Bryce Harper has a knack for making headlines.
Upon returning from the disabled list in late June, the Nationals outfielder questioned manager Matt Williams’s decision to bat him sixth in the lineup. This past weekend, Harper pissed off Braves fans by dragging his foot over the team logo behind home plate.1 He recently triggered a heated interaction between Williams and local media over whether he should be sent to the minors. He even found a way to motivate (or at least sprinkle batted-ball luck on) a teammate, indirectly hinting that Denard Span should hit the bench, and somehow turning Span into one of the hottest players in baseball in the process.
Ervin Santana might’ve started that particular beef.
All of those incidents could spark some interesting discussions. They also ignore the more troubling trend: Harper has played poorly this season, and compared to his historical peers — the other players who broke into the big leagues with a bang at a very young age — Harper’s Year 3 performance looks hugely out of place.
To properly frame how disappointing Harper’s 2014 season has been, we need to start by recognizing how extraordinary his 2012 season was. Harper debuted on April 28 and went on to deliver an excellent all-around campaign, hitting .270/.340/.477 with 22 homers, 18 steals, impressive defense, and a stream of highlight-reel plays. According to Baseball-Reference’s wins above replacement stat, he generated 5.1 wins with his all-around skills, ranking just outside the National League’s top 10. His .817 OPS adjusted for park effects netted a 118 OPS+, 18 percent above league average. All of which was enough to earn Harper NL Rookie of the Year honors.
Given the vagaries of defensive metrics, and the fact that Harper earned his megaprospect status primarily with his bat, we can use that OPS+ stat to gauge the impact of his 2012 season. Harper was just 19 that year. Now that we’re decades beyond the bonus baby era, which saw teams throw gobs of money at teenage prospects and then very quickly promote them to the major league level, it’s rare to see players in the big leagues before they turn 20. It’s even rarer to see someone perform as well as Harper did at such a young age. I queried Baseball-Reference’s Play Index to see which players 20 or younger put up the best numbers by OPS+, with a minimum of 500 plate appearances. Here are the top 25. Note: “OPS” is OPS+ in this case.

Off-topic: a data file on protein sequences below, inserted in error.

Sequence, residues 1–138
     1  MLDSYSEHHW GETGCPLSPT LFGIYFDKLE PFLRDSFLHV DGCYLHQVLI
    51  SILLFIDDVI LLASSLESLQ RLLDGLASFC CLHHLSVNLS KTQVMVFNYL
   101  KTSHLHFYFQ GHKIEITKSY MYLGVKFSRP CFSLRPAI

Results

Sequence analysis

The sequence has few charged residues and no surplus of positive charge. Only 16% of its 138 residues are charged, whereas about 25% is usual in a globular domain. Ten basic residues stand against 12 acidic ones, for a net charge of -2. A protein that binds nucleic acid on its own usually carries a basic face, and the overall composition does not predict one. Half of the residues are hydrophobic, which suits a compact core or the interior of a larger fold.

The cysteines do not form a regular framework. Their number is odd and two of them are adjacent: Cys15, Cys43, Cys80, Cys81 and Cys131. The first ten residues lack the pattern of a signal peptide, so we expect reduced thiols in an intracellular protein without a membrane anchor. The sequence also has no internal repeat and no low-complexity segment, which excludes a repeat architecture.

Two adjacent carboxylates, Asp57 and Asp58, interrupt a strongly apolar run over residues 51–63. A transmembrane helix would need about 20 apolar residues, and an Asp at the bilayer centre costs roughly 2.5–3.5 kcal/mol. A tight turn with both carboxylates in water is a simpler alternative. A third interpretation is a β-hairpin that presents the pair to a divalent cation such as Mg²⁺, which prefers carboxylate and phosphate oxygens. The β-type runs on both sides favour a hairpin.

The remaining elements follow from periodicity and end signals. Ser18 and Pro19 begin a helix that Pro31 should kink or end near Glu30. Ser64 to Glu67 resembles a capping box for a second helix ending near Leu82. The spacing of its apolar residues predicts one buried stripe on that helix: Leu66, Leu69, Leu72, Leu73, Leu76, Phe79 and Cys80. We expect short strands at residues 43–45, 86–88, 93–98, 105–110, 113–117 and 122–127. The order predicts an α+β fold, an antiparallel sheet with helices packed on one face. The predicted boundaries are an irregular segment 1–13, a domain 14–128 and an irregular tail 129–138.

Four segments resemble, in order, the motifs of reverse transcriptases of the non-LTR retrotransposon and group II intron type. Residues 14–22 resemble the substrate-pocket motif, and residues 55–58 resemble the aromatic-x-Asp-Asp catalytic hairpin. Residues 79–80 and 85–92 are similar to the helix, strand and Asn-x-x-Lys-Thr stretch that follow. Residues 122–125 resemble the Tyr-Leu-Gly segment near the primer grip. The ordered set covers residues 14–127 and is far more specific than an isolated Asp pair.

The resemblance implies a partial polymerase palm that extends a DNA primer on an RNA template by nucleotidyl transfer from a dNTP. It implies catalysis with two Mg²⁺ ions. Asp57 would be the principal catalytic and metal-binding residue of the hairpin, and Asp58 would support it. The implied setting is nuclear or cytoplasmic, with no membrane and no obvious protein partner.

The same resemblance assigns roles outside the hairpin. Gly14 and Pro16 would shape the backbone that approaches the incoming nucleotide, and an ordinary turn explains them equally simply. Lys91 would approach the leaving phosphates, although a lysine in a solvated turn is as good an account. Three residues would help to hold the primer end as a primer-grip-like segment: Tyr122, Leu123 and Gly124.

It turns out that what Harper did in 2012 wasn’t just rare; it was the second-greatest offensive performance ever for a player that young.
Now, just two years later, Harper is having the kind of down season that’s nearly unprecedented for anyone who broke in really young and performed as well or better than he did.
I wrote about Mike Trout’s incredible 2012 season in August of that year; he’s the standard-bearer for 20-or-younger players, and is currently in the midst of a third consecutive season in which he’d make an excellent MVP pick. Ty Cobb hit .350 as a 20-year-old in 1907 and only got better from there, batting a ludicrous .420 four years later. Mel Ott never again matched the 42 homers he hit in his age-20 season in 1929, but he remained one of the best hitters and most fearsome sluggers in the league every year for the next decade and a half. Ditto for Al Kaline, Mickey Mantle, Alex Rodriguez, and Ted Williams.2 Frank Robinson did see a modest drop in numbers during his third year, but he still cranked 31 homers and won a Gold Glove that season. And so on.